1.The British Association for Islamic Studies is looking for a BRAIS Projects Coordinator to help drive forward its work over the coming year. The post would be ideal for a UK-based PhD student whose academic interests intersect with any aspect of Islamic Studies, broadly understood.
This is a Guaranteed Hours post available from October 2021 for a period of one year, working a minimum of 250 hours over the fixed-term period (more hours may be available by negotiation).
Further details, including how to apply, can be found here: http://www.brais.ac.uk/home/brais-projects-coordinator
The post holder can be based anywhere in UK. Work will be undertaken remotely, with meetings and catch-up taking place online.
How to Apply
Applications should be submitted via email to BRAIS Secretary, Tom Lea (email@example.com), by 5pm on Friday 3rd September 2021.
2. Persian Language Course – Starting: 20th Aug 2021
Mondays & Wednesdays
The Islamic College has organized a Persian Language Course for those who want to learn modern Farsi. The Course has three semesters.
This course offers an excellent opportunity to master a very important language which provides an entry into a rich and diverse culture. Since Persian has not changed significantly in over a millennium, the basic grammar for the classical and modern forms of the language is virtually the same and is relatively easy to learn.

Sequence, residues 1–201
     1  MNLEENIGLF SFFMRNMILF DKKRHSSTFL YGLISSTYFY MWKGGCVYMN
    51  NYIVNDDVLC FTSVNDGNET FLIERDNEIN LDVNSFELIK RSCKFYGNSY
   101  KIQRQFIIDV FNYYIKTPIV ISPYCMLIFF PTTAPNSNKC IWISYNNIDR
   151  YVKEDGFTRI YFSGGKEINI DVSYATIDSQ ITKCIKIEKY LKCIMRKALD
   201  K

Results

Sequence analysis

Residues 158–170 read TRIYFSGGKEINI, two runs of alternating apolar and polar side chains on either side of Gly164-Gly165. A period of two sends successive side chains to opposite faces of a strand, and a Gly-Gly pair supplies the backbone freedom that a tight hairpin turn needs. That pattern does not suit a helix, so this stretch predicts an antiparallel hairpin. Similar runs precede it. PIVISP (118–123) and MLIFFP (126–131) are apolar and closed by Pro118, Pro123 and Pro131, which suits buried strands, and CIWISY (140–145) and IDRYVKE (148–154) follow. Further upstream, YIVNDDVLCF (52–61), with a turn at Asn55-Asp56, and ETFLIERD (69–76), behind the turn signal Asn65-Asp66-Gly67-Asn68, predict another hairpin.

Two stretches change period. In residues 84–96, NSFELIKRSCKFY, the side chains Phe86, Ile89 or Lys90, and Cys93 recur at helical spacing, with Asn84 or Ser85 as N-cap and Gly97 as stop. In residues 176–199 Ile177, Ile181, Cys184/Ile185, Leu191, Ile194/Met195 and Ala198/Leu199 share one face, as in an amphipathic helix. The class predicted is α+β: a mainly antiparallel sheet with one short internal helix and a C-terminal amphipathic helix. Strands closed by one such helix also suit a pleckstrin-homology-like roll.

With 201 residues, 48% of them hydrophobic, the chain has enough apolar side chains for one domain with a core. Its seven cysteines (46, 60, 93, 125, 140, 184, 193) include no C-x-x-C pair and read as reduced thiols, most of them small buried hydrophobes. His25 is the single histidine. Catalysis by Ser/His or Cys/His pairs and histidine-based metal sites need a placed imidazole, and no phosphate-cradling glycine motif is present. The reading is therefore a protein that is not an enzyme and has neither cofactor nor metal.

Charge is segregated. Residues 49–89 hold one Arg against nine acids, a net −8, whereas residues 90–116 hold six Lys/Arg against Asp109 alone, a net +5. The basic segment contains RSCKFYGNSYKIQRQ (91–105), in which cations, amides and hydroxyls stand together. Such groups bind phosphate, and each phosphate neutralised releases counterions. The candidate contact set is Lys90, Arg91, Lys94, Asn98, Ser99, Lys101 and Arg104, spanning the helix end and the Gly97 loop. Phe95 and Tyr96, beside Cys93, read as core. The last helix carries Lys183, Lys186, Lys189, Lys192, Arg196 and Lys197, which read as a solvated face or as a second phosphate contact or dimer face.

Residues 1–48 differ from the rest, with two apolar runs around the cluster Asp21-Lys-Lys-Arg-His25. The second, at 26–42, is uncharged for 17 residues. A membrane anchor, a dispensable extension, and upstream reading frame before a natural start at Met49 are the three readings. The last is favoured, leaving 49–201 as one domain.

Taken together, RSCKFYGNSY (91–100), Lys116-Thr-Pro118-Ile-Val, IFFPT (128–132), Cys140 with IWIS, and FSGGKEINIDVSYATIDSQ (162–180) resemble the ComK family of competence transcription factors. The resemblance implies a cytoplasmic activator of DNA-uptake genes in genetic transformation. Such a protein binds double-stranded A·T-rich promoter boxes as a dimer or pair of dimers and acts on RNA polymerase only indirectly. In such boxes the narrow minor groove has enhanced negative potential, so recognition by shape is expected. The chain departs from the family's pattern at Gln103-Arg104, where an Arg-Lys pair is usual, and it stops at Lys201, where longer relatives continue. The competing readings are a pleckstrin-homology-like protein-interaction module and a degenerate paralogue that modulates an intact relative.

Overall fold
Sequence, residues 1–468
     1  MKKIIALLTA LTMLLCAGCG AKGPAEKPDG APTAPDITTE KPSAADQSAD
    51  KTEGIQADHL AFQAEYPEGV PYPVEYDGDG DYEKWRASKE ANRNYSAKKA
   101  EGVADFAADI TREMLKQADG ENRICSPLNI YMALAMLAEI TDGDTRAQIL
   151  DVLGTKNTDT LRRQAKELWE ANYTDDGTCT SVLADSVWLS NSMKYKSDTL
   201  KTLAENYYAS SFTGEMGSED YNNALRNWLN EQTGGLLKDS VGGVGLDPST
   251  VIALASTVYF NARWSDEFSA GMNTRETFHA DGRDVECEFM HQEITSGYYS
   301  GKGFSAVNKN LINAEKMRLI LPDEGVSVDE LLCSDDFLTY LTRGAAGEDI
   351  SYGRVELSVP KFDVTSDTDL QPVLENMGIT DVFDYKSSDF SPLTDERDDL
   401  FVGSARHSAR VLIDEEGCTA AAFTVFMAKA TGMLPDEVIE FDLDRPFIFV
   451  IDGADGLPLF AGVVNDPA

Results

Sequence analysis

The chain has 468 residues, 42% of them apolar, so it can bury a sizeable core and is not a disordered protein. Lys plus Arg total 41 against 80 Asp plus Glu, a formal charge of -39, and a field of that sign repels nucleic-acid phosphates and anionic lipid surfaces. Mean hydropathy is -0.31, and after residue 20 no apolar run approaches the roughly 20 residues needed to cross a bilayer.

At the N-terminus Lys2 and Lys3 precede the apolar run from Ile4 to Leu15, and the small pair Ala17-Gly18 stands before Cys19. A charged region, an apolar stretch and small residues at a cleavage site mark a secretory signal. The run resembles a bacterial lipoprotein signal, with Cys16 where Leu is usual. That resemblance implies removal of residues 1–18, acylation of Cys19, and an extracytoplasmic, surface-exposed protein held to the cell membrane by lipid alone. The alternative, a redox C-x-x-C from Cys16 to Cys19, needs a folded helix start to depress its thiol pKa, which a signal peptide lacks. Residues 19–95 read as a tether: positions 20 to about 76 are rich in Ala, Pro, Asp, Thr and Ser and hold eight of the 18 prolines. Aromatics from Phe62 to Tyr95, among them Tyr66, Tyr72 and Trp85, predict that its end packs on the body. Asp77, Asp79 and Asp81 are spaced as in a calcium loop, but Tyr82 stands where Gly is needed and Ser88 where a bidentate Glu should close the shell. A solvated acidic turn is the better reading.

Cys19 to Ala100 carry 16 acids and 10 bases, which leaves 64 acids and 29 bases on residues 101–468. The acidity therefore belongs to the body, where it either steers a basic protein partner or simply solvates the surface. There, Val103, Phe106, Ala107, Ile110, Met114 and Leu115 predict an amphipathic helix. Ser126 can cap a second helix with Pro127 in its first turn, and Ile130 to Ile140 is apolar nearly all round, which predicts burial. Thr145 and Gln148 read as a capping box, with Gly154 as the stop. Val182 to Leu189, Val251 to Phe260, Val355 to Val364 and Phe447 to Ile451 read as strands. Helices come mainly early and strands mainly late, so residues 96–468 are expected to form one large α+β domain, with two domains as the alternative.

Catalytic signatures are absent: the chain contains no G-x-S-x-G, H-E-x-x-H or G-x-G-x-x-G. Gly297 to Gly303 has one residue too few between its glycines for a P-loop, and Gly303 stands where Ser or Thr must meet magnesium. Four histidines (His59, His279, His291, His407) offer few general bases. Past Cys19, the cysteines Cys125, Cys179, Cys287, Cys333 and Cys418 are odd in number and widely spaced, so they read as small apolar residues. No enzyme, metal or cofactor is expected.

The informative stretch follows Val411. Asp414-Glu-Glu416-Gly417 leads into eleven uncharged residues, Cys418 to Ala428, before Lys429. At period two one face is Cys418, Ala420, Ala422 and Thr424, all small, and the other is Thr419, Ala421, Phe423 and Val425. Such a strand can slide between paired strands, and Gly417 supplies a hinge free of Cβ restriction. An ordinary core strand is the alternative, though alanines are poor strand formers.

One of the benefits of learning Farsi is the ability to access a huge body of literature and sources of Islamic knowledge.
The Course Registration Fee is £50/semester.
The registration deadline is 20th Aug 2021.
An attendance certificate would be granted at the end of the course.
We welcome any scholars engaging all manner of traditions and texts from across the pre-modern Islamicate world. Abstracts are due Sept. 15, 2021 via the ICMS submission portal.
Please see our brief panel descriptions below, and for further details and directions on how to apply, follow this link.
Panel 1: Sociability between Justice and Tyranny
This panel considers Islamicate ambivalences toward sociability and despotism to better understand the competitive nature of friendship and the seductive pull of absolutist rule by closely reading and contextualizing a wide variety of pre-modern texts.
Panel 2: Medieval Islamicate Paratexts in Contexts